The transition to electric vehicles (EVs) is rapidly transforming the automotive industry, presenting challenges for incumbent OEMs and opening the door for unprecedented innovation. According to GlobalData analysis, around 15.5 million EVs will be built in 2025, rising to 24.1 million in 2028. By the 2030s, EVs will account for the majority of light vehicle production.
In the US, President Biden has introduced a target for 50% of light vehicles to be EVs by 2030. As the EV market accelerates, manufacturers in the US face two main challenges: workforce availability and access to raw materials, especially lithium.
“These vehicles need to be built somewhere where costs are low, unionisation rates are modest and the workforce is abundant,” explains Rob Sitterley, CEO of AR-TX REDI, the economic development organisation for the Texarkana Metropolitan Statistical Area, spread throughout the two southern states of Texas and Arkansas. It is vital for manufacturers to choose the best location to base their operations.
Southern America has built a reputation as a leading automotive manufacturing zone, but few sites offer the unique, skilled manufacturing and engineering workforce that manufacturing EVs requires. Texarkana, however, is home to a strong, innovative education system, built on a legacy of providing a talented workforce for industrial development.
“We have workforce availability more than covered for EV manufacturers, given the Ledwell School of Advanced Manufacturing at Texarkana College, and a range of engineering programmes, electrical and mechanical, offered at Texas A&M University Texarkana,” says Sitterley. The Ledwell School of Advanced Manufacturing is a state-of-the-art facility that provides a specialist workforce to more than 50 businesses. Texas A&M University Texarkana takes on more than 2,000 students per year in 24 undergraduate and 13 graduate programmes including mechanical and electrical engineering.
“Another important advantage has to do with the skilled workforce currently rebuilding military vehicles at the Red River Army Depot,” adds Sitterley. “As the military continues to shift resources away from hand-to-hand ground conflicts to drone technology, this extremely talented and trained workforce will be looking for other opportunities. An automotive manufacturer would have access to this workforce as military priorities continue to shift.”
Supply chain access
One of Texarkana’s unique advantages comes from its close proximity to the southern US automotive supply chain, putting manufacturers at the heart of the market. Since 1992, nearly all new North American automotive plants have been built in southern states and Mexico. Texarkana is located right in the growing North America Free Trade Agreement ‘auto corridor’, which runs from Michigan to the Gulf of Mexico and accounted for nearly 90% of light vehicle production in the US in 2019.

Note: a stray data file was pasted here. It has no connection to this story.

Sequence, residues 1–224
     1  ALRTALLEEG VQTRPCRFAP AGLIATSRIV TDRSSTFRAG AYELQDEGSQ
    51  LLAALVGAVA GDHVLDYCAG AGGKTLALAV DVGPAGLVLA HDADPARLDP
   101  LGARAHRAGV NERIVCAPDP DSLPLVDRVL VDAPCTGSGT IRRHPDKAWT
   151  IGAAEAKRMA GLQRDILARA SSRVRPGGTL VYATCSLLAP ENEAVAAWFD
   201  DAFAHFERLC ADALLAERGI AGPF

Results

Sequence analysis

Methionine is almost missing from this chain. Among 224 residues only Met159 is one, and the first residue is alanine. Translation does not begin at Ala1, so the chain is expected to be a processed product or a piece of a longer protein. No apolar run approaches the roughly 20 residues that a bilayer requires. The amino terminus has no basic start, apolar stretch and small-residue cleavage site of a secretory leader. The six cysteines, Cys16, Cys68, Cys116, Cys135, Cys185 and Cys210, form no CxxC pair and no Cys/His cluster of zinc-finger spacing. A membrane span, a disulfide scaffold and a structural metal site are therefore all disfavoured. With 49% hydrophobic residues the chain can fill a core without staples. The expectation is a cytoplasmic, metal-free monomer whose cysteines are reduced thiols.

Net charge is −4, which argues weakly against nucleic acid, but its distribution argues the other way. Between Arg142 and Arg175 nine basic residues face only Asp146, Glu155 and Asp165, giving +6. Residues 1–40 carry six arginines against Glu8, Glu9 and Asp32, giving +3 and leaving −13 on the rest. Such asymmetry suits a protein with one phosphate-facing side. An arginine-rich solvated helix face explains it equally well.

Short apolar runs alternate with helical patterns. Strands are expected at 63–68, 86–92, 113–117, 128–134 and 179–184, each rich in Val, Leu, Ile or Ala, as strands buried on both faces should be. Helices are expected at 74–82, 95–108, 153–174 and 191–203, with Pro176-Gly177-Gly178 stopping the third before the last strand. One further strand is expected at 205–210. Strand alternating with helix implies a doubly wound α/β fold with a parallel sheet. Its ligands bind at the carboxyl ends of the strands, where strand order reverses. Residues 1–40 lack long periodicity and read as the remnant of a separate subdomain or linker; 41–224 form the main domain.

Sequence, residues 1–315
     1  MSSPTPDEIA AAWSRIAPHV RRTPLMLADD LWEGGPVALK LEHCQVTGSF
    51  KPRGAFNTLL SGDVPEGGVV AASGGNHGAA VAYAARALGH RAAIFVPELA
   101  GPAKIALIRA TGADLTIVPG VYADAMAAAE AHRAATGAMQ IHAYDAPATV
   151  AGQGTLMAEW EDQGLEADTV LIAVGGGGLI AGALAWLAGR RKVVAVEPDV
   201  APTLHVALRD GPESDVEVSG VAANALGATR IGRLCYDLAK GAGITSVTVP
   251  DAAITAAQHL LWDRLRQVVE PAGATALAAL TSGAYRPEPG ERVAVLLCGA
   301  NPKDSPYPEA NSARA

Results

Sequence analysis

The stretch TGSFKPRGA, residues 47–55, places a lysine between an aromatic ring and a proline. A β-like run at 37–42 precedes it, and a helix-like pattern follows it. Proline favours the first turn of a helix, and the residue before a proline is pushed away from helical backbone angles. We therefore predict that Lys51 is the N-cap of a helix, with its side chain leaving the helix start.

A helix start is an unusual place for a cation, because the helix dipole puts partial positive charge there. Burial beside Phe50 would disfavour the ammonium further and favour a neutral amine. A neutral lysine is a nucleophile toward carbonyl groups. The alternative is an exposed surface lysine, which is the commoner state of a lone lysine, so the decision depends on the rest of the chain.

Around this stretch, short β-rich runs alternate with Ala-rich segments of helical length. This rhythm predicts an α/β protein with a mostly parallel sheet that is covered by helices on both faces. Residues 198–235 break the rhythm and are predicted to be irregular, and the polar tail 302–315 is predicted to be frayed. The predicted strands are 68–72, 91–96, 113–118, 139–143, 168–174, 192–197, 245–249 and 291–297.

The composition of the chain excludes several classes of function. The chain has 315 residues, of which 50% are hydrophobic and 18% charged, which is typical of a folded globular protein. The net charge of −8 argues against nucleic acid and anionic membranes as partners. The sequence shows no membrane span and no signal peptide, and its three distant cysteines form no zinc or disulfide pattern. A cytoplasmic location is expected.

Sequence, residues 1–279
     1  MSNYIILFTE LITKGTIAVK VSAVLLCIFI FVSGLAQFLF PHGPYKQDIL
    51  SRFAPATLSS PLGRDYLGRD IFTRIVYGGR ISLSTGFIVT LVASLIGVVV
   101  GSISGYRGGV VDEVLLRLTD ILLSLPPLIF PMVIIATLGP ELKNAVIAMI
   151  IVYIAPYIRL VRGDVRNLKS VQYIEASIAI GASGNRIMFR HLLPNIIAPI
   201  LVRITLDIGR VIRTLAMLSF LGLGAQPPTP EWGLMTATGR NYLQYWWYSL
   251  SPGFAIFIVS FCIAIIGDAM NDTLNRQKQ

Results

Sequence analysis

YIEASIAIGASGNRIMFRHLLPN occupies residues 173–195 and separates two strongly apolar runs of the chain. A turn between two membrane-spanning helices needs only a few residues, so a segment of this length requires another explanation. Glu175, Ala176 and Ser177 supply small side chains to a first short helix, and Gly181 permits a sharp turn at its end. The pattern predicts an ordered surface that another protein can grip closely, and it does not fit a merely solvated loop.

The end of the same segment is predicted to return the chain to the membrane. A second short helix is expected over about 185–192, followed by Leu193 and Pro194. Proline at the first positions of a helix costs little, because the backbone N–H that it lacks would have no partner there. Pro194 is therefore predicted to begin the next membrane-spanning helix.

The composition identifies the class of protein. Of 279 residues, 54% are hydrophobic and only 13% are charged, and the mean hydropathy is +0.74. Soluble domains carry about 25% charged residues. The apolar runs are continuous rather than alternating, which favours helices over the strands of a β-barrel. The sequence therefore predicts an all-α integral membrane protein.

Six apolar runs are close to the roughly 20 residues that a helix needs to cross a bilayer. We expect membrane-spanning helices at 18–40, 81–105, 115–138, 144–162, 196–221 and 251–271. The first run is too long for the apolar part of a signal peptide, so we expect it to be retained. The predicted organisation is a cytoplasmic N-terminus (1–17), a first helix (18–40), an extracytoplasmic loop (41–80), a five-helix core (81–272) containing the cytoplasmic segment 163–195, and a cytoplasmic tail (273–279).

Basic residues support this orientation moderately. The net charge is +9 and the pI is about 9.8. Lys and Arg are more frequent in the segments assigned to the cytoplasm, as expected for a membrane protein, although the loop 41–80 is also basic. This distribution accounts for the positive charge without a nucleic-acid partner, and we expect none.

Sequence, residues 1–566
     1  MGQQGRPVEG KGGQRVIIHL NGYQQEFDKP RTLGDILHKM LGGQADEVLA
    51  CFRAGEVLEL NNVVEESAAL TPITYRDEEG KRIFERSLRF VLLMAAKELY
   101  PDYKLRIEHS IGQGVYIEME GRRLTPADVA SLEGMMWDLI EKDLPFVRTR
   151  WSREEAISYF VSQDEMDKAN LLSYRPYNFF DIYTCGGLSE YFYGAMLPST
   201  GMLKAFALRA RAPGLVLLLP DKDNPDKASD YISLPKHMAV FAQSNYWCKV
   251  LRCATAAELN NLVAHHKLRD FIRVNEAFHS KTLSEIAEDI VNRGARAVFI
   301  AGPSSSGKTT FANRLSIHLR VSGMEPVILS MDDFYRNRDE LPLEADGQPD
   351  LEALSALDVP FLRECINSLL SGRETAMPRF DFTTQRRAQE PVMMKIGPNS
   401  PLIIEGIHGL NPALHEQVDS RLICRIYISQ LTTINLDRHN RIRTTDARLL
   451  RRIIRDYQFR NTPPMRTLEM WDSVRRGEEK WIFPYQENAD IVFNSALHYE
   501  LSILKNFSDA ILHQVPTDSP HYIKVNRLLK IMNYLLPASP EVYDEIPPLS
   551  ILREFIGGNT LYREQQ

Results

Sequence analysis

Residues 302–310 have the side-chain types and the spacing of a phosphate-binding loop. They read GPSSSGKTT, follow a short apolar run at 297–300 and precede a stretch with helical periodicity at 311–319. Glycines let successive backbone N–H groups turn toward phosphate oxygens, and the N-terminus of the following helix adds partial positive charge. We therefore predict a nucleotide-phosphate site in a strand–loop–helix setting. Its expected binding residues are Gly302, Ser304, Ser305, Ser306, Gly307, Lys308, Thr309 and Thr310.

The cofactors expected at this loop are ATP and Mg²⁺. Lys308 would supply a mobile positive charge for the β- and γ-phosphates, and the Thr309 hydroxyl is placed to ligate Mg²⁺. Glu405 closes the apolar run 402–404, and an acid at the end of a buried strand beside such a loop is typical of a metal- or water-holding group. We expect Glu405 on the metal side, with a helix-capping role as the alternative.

“Ford’s recent $11.5bn announcements in Kentucky and Tennessee means the supply chain just made our community the epicentre for all things OEM,” adds Sitterley.
“Toyota and Tesla are also located in central and south Texas, Ford in Kentucky and Tennessee, and Nissan and Toyota in Mississippi. The REDI Arkansas Manufacturing Center is perfectly positioned; close to the supply chain but not too close to compete for skilled workers.”
All about lithium
The heart of an EV, of course, is its battery. The majority of EVs use lithium-ion (Li-ion) batteries, and battery cost and lithium supply are emerging as key differentiators in the market.
Li-ion technology is expensive and has been a limiting factor in the roll-out of EVs worldwide. The demand for lithium is expected to grow rapidly, with 100,000 tons (t) of Li-ion cell production forecast in 2021, up from 28,650t in 2010. North America has seen the recent build-out of lithium-battery manufacturing facilities by companies including SK Innovation, which plans to spend $1.5bn on EV battery plants in the southern state of Georgia, as well as LG Energy Solution, Panasonic and Tesla, making this one of the best geographies for forward-looking EV manufacturers.
Texarkana, meanwhile, is located near Standard Lithium, the most rapidly advancing lithium project in the US, located in El Dorado, Arkansas.
“We are less than 90 miles from Standard Lithium, reported to be the largest lithium resource in the world,” says Sitterley. “That has to be a game-changing advantage.
“REDI has had several conversations with the CEO of Standard Lithium as we look to partner on leads for their precious natural resource, and companies interested in our perfectly located REDI Arkansas Manufacturing Center certified site with interstate, highway, rail, natural gas, electricity and unlimited water resources.”
As the EV market kicks into high gear all around the world, the opportunities are enormous, but careful planning is key. Manufacturers should identify where they can find the human and physical resources they need, says Sitterley:
“The REDI region offers all of those advantages, making us the perfect place for the birth of EV and its continued growth for decades to come.”